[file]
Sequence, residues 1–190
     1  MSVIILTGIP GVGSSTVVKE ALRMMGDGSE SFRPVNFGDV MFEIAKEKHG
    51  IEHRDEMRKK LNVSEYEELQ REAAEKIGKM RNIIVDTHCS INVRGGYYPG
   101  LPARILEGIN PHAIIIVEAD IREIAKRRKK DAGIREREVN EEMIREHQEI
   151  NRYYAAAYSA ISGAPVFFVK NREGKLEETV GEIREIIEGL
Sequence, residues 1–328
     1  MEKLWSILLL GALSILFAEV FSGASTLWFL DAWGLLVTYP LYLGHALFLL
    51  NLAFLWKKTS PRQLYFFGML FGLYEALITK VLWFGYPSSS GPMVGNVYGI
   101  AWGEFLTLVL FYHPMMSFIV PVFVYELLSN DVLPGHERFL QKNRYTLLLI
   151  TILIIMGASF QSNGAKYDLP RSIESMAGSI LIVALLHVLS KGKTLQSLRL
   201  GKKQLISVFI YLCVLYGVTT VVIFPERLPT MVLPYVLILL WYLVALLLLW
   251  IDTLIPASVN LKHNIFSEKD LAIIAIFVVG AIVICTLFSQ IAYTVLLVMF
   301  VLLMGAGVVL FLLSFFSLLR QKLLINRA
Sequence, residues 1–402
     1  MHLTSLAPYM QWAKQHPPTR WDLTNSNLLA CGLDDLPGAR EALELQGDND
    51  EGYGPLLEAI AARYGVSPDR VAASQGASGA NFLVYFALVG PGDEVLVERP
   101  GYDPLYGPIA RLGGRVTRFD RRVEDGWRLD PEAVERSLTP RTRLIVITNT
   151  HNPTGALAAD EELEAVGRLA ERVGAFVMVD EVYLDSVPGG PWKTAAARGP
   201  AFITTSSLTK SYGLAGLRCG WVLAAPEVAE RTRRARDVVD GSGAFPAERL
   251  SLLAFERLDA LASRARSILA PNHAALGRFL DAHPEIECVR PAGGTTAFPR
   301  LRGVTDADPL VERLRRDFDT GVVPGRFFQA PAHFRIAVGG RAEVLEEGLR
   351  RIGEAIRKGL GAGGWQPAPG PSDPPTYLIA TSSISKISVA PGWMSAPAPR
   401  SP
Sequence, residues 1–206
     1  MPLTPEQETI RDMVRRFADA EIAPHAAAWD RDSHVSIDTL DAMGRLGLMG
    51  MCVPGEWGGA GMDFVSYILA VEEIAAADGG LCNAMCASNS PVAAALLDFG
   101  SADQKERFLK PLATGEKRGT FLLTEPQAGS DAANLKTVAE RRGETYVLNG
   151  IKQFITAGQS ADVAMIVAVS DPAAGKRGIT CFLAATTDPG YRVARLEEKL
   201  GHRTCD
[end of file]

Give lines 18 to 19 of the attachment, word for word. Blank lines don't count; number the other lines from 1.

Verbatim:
   151  HNPTGALAAD EELEAVGRLA ERVGAFVMVD EVYLDSVPGG PWKTAAARGP
   201  AFITTSSLTK SYGLAGLRCG WVLAAPEVAE RTRRARDVVD GSGAFPAERL